Testing times: Dr Richard van Zyl-Smit has called some standard TB-testing regimes into question.
New findings by UCT's Dr Richard van Zyl-Smit could up-end some widely-held tenets of tuberculosis testing.
Based at the Lung Infection and Immunity Unit, Van Zyl-Smit, 36, argues for a new TB-testing regime in a paper published in the American Journal of Respiratory and Critical Care Medicine, aka the Blue Journal.
Although opinion is divided and the issue hotly debated, the standard TB-testing protocols are straightforward: either a single blood-based test, as recommended by the US Centres for Disease Control and Prevention, or, as they do in the UK and Canada, a skin test followed by the (pricier) blood test for confirmation.
It's the latter protocol that first-author Van Zyl-Smit addresses in his paper, Within-Subject Variability and Boosting of T-Cell Interferon-? Responses after Tuberculin Skin Testing.
The origin of his argument is that in the skin test, known as the tuberculin skin test, a small dose of purified TB-protein derivative is injected just under the top layer of the skin on the inner forearm. The harmless protein acts as an antigen, so if the person has been exposed to the TB bacterium (Mycobacterium tuberculosis) before, or is still carrying it, the protein shot would trigger an immune response in the skin almost instantly.
Van Zyl-Smit's concern is that the skin test may leave traces of the TB protein in the system, which would then be picked up by the blood test. That could lead, mistakenly, to a positive diagnosis.
"The big question is, if you do the skin test first, does it affect the blood test?" he explains.
In their own study, Van Zyl-Smit and his collaborators did three to four blood tests - using two standard kits - with some of the subjects, to illustrate the natural variability in the body's T-cell interferon-? responses. These interferons are proteins produced by the cells of the immune system (those 'helper' T-cells) when the body's under attack from 'invaders' such as bacteria, viruses or parasites.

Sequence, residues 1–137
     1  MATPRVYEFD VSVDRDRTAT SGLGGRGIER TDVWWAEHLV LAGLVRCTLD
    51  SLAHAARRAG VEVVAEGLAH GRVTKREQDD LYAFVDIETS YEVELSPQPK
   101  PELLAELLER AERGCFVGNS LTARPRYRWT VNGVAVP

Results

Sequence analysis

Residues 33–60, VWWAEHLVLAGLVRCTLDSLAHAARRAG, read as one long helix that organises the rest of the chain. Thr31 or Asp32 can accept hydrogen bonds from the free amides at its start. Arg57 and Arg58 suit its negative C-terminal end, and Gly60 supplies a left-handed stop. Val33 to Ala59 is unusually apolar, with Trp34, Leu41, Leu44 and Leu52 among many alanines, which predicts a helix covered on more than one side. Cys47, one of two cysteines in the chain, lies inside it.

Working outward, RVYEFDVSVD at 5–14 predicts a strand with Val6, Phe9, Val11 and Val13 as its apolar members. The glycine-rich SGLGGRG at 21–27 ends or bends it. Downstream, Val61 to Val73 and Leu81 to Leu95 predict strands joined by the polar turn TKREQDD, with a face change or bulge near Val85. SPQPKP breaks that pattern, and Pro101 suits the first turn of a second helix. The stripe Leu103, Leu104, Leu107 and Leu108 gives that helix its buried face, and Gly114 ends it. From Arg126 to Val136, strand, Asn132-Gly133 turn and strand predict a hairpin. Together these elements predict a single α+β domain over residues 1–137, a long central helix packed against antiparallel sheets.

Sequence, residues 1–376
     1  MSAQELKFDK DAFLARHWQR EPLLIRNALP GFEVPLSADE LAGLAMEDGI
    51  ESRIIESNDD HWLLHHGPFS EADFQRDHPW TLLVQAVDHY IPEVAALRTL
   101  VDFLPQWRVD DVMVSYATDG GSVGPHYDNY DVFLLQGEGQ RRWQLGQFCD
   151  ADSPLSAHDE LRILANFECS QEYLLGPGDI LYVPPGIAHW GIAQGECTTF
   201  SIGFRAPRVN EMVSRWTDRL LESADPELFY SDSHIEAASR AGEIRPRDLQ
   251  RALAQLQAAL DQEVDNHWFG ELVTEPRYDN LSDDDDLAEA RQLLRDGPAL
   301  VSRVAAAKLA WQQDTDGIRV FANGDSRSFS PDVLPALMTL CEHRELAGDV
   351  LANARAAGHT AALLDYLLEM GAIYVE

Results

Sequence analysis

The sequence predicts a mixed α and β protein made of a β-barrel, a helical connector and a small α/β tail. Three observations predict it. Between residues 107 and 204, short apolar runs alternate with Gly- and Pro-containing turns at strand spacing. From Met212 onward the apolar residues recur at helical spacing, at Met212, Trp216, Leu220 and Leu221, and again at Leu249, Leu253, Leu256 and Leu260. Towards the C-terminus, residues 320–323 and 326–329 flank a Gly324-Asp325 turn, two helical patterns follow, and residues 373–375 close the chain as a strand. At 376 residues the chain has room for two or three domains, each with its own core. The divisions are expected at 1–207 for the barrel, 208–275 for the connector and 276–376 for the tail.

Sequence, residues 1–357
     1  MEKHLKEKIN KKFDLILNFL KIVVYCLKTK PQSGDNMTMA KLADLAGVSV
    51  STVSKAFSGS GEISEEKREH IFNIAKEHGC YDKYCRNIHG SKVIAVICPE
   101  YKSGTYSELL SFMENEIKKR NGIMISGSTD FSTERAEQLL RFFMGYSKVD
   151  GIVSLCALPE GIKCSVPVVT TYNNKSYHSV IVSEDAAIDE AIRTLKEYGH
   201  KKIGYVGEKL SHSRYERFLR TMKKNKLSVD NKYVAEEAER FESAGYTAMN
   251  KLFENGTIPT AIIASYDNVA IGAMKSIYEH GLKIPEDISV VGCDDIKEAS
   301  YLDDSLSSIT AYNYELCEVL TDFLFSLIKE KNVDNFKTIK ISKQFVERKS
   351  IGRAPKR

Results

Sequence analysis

Once he'd established a baseline interferon-response level, Van Zyl-Smit conducted the skin test with his subjects, followed by a second series of blood tests over three months.
As he suspected, the second set of blood tests indicated that the subjects were carrying the TB bacterium, when in fact they weren't.
"Which means you shouldn't give a blood test after a skin test, which most international guidelines suggest you can," Van Zyl-Smit sums up. "You need to interpret the blood tests cautiously."
However, with both blood-test kits, Van Zyl-Smit did show that there is a three-day window period after the skin test within which interferon-response counts remain normal. But by day four the interferon levels had jumped sharply, and kept climbing for the next 81 days, after which Van Zyl-Smit stopped his tracking.
His results are of particular importance to those who undergo serial testing, such as healthcare workers who work with TB patients and who, statistics show, are hands-down the ones at greatest risk and in need of constant monitoring. False tests could mean regular but unnecessary treatment that could, in turn, lead to complications, such as drug resistance.
"This study is helpful to clinicians, as they can now be reassured that results from the blood test are accurate and valid if performed within three days of the skin test," says his supervisor, Associate Professor Keertan Dheda. "It also provides clinicians with cut-points defining how the test should be interpreted within specific contexts."
Van Zyl-Smit's paper - his first big one - in the journal, also known as the American Thoracic Society's Blue Journal (the colour of the cover), came as a double whammy.
Not only does the journal have the highest impact factor in the world among respiratory-medicine journals, but the paper also earned the authors coverage in the editorial, marking it as the article's first official citation.
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